If you have PDFs, you can convert the PDF to post-script, or copy and paste the contents into a text file. With documents, copy and paste the text and format it later.

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    But in all these cases, the website is putting actual plain text in the clipboard. So upon pasting, you'll see the real command. The OP implies that the added/altered command was somehow invisible in the pasted terminal window. – JDługosz Feb 14 '16 at 20:20
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    @JDługosz if it's got a line break it will run immediately in your terminal. Who cares if you can see it or not. The damage is already done. – Neil McGuigan Feb 14 '16 at 20:40
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    Nice coverage on the terminal part, though I should point out that there is no way to really disable pasting crap into the clipboard in general. Even assuming the app (here the browser) is trusted and provides no API for untrusted principals to programmatically tamper with the clipboard, sites could use clever CSS tricks to make some invisible text be selectable over a background image containing text rendered with the user's assumed font on the fly. – Steve Dodier-Lazaro Feb 14 '16 at 23:07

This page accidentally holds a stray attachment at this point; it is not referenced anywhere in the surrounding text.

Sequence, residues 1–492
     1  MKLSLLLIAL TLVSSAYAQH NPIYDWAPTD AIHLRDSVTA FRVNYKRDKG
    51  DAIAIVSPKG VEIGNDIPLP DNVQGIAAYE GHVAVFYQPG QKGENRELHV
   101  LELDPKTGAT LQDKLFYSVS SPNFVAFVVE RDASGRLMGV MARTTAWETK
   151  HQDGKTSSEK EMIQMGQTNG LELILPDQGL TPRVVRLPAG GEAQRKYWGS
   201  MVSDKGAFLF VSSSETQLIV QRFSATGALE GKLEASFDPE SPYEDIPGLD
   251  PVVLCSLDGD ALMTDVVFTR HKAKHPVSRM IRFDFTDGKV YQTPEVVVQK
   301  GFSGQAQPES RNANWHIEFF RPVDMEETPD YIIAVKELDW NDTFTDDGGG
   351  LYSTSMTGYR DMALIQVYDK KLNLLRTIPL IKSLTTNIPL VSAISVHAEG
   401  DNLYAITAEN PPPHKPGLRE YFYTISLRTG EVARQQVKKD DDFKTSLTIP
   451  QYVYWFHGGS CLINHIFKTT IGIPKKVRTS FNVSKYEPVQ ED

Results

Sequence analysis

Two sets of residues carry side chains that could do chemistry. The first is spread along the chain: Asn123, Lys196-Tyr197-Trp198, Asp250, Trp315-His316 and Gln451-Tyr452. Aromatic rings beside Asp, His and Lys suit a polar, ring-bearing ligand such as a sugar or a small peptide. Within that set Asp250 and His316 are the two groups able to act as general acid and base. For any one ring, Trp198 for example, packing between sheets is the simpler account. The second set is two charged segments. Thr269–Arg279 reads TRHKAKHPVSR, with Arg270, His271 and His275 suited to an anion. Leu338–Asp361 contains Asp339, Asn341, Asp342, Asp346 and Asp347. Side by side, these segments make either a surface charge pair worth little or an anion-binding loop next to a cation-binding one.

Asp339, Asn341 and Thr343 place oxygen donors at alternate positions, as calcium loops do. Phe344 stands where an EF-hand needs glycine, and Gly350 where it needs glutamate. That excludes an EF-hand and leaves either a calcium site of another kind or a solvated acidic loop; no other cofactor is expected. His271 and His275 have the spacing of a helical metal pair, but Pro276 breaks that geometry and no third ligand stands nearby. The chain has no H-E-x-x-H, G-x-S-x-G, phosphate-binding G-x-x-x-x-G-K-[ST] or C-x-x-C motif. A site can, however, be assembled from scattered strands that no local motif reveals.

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    @SteveDL /sadface. At least now I know my tinfoil clipboard practice really paid off after all these years. I actually verify everything in my clipboard before even putting it anywhere. – Mark Buffalo Feb 14 '16 at 23:15
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    @MarkBuffalo :-) I would recommend techies to use a "buffer", aka a text editor, and to verify they're happy with what they'll type line by line. Beginners.. well given the low volume of attacks out there and the level of confusion that this kind of details can cause I'd say "just copy paste whatever you like, but from trusted sites". – Steve Dodier-Lazaro Feb 14 '16 at 23:17

There is a risk. Websites can use CSS and JavaScript to hide things and then when you copy from that website, you actually copy what they want. @Gumbo provided the example: https://thejh.net/misc/website-terminal-copy-paste.